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Track Review

What do Joe Jonas, Taylor Lautner, John Mayer, Jake Gyllenhaal, Connor Kennedy and Harry Styles have in common? They're all high-profile entries on the "long list of ex-lovers" Taylor Swift breezily brags about on "Blank Space," her confessional, self-skewering No. 1 hit about her well-chronicled penchant for building up to a bad breakup.

But don't shed too many tears for Swift. 'Cause this time around, she's not playing her familiar role as the naive ingenue preyed upon by a cunning charmer bent on pilfering her purity. No, Taylor Swift is now embracing her inner bad girl, exchanging idealistic dreams of true love for a flammable fling with a "playa" who's likely to become the latest addition to her infamous list.

Taylor wastes no time jumping from "Some Enchanted Evening" sparks to suggestions of something steamier. "Nice to meet you, where you been?" she begins. "I could show you incredible things/Magic, madness, heaven, sin/Saw you there and I thought/Oh my god, look at that face/You look like my next mistake/Love's a game, wanna play?"

Gone is any hint of longing for lasting love, sacrificial commitment, soul mate bonding or any other such happily-ever-after romanticism. In its place is a newfound willingness to play the game of love on the playa's terms. And those terms are all about the smolderingly passionate moment, never mind if Swift suspects surrendering to said passion is something she'll later say was a mistake. "Grab your passport and take my hand," she instructs her new beau. "I can make the bad guys good for a weekend."

After that, well, who cares?

"You can tell me when it's over," Taylor continues tutorially, "if the high was worth the pain/Got a long list of ex-lovers/They'll tell you I'm insane/ … 'Cause we're young and we're reckless/We'll take this way too far/It'll leave you breathless/Or with a nasty scar/ … Cherry lips, crystal skies/I could show you incredible things/Stolen kisses, pretty lies."

When the preordained breakup comes, we get our only hint that our heroine's heart did get involved in all that breathless sin, despite vociferous proclamations to the contrary: "Screaming, crying, perfect storms/I can make all the tables turn." And turn they do, as Taylor recasts herself in the lyrics and even more so in the song's video as a scorned woman gone crazy: "Rose garden filled with thorns/Keep you second guessing, like/'Oh my god, who is she?'/I get drunk on jealousy/But you'll come back each time you leave/'Cause, darling, I'm a nightmare dressed like a daydream/ … Boys only want love if it's torture/Don't say I didn't, say I didn't warn ya'."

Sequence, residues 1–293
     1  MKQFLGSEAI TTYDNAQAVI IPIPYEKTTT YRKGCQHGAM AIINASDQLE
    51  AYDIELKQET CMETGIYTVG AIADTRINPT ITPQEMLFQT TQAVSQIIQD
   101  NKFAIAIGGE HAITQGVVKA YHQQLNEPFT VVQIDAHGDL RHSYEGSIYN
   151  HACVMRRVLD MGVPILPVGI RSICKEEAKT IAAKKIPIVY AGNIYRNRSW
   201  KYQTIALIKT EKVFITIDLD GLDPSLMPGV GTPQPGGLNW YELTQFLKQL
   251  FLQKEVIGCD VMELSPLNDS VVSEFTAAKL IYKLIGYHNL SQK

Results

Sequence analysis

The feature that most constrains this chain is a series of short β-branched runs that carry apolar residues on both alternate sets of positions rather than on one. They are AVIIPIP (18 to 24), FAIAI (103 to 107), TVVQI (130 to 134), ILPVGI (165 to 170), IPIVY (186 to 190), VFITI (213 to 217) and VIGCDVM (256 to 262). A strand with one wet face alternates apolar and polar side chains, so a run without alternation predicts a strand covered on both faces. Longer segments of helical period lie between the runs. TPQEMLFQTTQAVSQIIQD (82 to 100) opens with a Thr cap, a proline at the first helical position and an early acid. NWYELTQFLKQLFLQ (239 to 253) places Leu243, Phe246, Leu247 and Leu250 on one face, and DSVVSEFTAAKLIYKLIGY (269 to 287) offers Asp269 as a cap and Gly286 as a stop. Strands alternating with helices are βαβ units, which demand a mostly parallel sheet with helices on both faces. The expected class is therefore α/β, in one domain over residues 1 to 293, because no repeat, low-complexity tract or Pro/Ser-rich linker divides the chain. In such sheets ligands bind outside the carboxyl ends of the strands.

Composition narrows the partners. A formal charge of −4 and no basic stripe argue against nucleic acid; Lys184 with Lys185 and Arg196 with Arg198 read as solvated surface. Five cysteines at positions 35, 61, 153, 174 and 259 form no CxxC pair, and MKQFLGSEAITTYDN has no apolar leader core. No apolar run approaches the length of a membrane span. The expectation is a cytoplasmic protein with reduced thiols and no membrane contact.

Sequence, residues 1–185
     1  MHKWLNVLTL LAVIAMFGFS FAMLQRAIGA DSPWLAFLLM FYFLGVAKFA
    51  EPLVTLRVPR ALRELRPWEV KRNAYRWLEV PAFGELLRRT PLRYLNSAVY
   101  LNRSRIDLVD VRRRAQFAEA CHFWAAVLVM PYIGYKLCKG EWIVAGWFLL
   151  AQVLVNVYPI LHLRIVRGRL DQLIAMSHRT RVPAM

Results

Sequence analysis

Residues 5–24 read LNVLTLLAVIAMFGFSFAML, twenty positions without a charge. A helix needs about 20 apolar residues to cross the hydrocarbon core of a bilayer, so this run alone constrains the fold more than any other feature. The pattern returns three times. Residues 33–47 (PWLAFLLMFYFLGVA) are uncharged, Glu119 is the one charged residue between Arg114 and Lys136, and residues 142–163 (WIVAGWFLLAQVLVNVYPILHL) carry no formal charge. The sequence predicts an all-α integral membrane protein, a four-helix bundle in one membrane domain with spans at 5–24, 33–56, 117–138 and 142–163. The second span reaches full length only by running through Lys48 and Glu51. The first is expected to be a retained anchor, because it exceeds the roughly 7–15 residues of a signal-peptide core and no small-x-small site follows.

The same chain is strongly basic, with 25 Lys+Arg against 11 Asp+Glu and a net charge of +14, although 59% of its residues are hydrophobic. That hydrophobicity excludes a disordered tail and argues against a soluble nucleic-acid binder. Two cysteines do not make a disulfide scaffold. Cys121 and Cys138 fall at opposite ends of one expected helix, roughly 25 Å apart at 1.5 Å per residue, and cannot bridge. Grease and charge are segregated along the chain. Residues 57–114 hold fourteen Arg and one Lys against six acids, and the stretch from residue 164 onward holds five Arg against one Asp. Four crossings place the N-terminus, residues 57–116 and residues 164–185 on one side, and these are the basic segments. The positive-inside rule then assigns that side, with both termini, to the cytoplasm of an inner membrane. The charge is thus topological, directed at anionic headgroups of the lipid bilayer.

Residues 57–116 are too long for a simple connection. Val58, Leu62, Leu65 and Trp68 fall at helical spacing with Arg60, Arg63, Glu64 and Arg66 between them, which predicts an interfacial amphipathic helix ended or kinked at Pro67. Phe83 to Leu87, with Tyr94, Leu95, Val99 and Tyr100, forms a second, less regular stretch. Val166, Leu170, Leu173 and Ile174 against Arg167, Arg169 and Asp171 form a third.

The video amps up all these themes with Taylor playing (or, more accurately, not playing) the role of a hyper-rich young woman courting and connecting with a megawatt hottie who's got no idea what he's getting into. As he pulls up to her mansion in a suave vintage convertible, Taylor sits singing on her bed in cleavage-baring lingerie, more than hinting at what's to come.

There's an almost circus-like quality to this couple's love affair. We see Taylor painting and hanging her new man's portrait, and they laughingly ride bikes inside where there are also two white horses in the bedroom.

It all hyperbolically illustrates the utterly unreal nature of their relationship.

And then things go bad. Really bad. Psychotically bad. We see Taylor screaming, bashing the dude's car with a golf club, sticking knives in the portrait, burning his clothes, etc. We don't see her bashing away at her victim, er, boyfriend, but that's apparently what's happened. We watch as she kisses his unconscious (dead?) face, biting his lip as she does so … right before the next contestant in Taylor's game show of "love" arrives in his sports car.

All in all, the video's even more self-satirizing than the song itself. It skillfully delivers an elegant, ridiculous and oh-so-meta wink at the life and loves of Taylor Swift as imagined by the tabloids. She takes every gossip rag story ever written about her romances and playfully lobs them back in her haters' faces. It "works" because Taylor's mocking herself . Still, there's little doubt in the end about whether her "long list of ex-lovers" is a fictional construct—because everybody knows it isn't, even if the video itself is.

Taylor Swift seems deeply self-aware when it comes to how perceptions of her love life have been broadcast in the popular culture. So instead of rejecting those stories and stereotypes, she responds by suggesting she's now become one of the romantic villains she once scorned so earnestly. If you can't beat 'em, join 'em. That seems to be the message here. And it's a damaging message indeed for scores of young fans whose innocence hasn't (yet) been as trammeled by all those playas as Taylor's apparently has been.

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